Like any lawyer before a big verdict, Case Western Reserve University law professor Michael Scharf was nervous in April as he awaited word of Charles Taylor's fate.
Taylor, the former president of Liberia, had been charged with funding an 11-year rebellion — a rampage of murder and torture — in neighboring Sierra Leone. For nine years, Scharf and his law students had worked to help bring him to justice.
When the ex-president was still living in exile in Nigeria, one of Scharf's students wrote a key memo arguing that the Sierra Leone war crimes court had the power to indict a former head of state. Following Taylor's arrest, CWRU students wrote dozens of memos to support the prosecutor's courtroom battles.
"It was one of the most difficult legal cases any international tribunal tried," Scharf says.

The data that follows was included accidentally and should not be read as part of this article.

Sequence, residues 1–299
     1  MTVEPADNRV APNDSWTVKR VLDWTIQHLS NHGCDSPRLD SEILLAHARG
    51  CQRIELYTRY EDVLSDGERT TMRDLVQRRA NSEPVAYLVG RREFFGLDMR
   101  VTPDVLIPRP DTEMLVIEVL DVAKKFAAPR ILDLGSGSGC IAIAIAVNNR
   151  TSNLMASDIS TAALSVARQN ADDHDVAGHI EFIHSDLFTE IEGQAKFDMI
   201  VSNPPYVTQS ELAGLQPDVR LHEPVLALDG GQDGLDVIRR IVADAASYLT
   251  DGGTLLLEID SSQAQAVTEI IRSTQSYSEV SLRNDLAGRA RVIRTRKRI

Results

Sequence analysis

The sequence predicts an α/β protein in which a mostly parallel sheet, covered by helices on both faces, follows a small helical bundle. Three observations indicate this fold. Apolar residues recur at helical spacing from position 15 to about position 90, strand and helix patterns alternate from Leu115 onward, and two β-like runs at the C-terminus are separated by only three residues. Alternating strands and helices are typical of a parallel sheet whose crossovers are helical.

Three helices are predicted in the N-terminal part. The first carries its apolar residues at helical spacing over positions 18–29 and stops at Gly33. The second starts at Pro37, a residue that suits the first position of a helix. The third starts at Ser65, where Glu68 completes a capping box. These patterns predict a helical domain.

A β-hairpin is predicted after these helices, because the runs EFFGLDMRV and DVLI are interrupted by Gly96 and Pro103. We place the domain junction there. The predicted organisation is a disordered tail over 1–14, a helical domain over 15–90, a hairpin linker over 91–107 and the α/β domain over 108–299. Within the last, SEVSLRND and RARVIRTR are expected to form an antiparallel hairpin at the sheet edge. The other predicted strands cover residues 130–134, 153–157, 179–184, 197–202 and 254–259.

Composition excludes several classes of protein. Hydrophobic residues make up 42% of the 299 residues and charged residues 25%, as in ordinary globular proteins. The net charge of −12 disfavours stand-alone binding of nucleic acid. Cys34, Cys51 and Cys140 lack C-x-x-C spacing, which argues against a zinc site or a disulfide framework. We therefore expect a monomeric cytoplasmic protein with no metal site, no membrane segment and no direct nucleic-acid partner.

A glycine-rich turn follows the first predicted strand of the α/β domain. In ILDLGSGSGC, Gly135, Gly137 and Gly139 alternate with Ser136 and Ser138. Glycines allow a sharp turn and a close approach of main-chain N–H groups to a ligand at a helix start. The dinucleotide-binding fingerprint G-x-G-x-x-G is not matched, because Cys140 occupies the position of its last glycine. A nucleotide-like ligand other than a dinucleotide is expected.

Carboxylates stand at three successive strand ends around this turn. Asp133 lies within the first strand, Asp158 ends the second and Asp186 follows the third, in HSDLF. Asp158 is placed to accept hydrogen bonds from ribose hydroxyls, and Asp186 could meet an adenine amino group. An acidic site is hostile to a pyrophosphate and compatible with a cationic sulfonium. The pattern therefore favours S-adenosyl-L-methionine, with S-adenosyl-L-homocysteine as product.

When the judges announced their verdicts April 26, Taylor was found guilty on 11 counts of aiding and abetting war crimes. Scharf and his students had helped establish a landmark precedent: Not even a country's president is immune from punishment for war crimes.
"Now people like [Omar] Al-Bashir" — Sudan's president, indicted on genocide charges over the Darfur conflict — "are having a lot of trouble getting a good night's sleep," Scharf says.
War crimes law was a tiny field when Scharf brought his War Crimes Research Office to CWRU a decade ago. Since then, war-crimes courts have spread from Sierra Leone to Cambodia to Lebanon.
Scharf's students wrote 220 memos for the courts' prosecutors and judges and sent source materials for law libraries. Eighty-nine students have interned with the courts. Seven graduates now work for them. Scharf and his students also worked on the Saddam Hussein trial. (Read our March 2009 story "Justice for All" here.) Next, Scharf and his students will help African courts prosecute Somali pirates.
"[War crimes law] has become the most important part of international law," Scharf says. "We're very fortunate to have been there at the ground floor."